Blog Insights
How to Prepare For a Government Website Redesign

Redesigning a government agency or department website is no small task. There is content to manage, stakeholders to involve, and processes to follow to ensure that the redesign meets your needs and subsequently launched successfully. Here are the essential areas to focus on when taking on a government website redesign.

Forum One works with local, state and federal government agencies. We help ensure that their digital communications platforms and strategies provide the right information and services in the best format for your audiences. This includes ensuring consistent branding and messaging, exceeding accessibility standards, ensuring the site is responsive and as easy to use on a cell phone as a desktop, and — above all — your government content is valuable and easy to use for those who need it most.

When starting a government modernization project or website redesign, broadly, you want to think about three major questions: 

  1. What are your needs? This gets at the requirements.  What are you looking to improve in the next iteration of your digital platform or service tool? How can it better serve your staff, reduce workloads, and show your impact, etc.?
  2. What do your users need?  The primary goal of your website should be to meet the needs of your key stakeholder groups.  Think about why they would come to it and what they need from it. This should serve as a foundation for your new website content and structure.
  3. What does your RFP need to convey? Developing the right starting point is essential to finding the right partners who can help you create the best possible website.

Government websites are often run out of either the Office of Communications (or Public Affairs) or the Office of the Chief Information Officer. Often the two teams collaborate in managing the site, with the communications team leading and the technology shop helping to get the technology, IT process and infrastructure in place (especially if you will be hosting the website internally).

It takes a village to launch a website, especially in government when there are different groups taking different actions (e.g., a security team, a 508 compliance testing team, content creation, content approvals, legal compliance or review for content, government approvals for designs, branding and/or imagery, etc.).  If your web redesign will take a village, then try to talk to those teams first so you can understand who you need to get involved. If another group in your government agency has done a recent website redesign, then be sure to talk to them; they’ll have many valuable tips to share.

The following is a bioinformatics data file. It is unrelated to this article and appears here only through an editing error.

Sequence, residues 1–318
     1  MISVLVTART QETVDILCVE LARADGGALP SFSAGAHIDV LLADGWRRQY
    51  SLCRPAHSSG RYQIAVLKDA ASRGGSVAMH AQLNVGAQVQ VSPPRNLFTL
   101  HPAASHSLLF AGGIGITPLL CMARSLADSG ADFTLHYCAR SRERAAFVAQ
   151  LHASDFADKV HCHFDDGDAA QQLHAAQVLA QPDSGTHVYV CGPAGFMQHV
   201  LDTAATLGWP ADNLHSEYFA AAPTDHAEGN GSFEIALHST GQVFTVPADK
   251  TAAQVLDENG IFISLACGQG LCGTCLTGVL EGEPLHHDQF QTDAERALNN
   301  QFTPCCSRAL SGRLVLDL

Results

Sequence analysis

Let’s dive into the three biggest areas we see as essential for creating a solid base upon which your redesign will come to life. 

Understanding the requirements

As with any new initiative, start with your goals. How can your digital platform support your agency’s mission? For example, the U.S. Department of the Interior’s goals clearly shares its broad agenda. 


Your agency or bureau also has a mission, so be sure your digital initiative supports and clearly connects to your agency’s overall goals.

Create Requirements

Drafting a scope of work or a list of requirements can be specific or general. If you know your needs, then write them down so vendors can cost them out.  We recommend being clear with what you want to accomplish, but not providing too much direction in terms of the exact layout of the page. After all, you’re hiring designers and user experience professionals who should be able to design the page to meet your goals effectively.

If you know you need a redesign, but don’t want to detail the specifics, then keep it broad. You can bring on a partner who will walk you through the process. This is often how we begin working with our government partners and is an excellent way to ensure you are setting out on the right path. 

A general, open-ended Request for Information (RFI), in which you ask for approaches to solving specific problems can also help but adds a step to the process. We tend to see RFIs when exploring new technology areas such as Artificial Intelligence (AI) for government or Robotic Process Automation (RPA). This is more like fishing for ideas of solutions when you aren’t quite ready to define the parameters of the solution.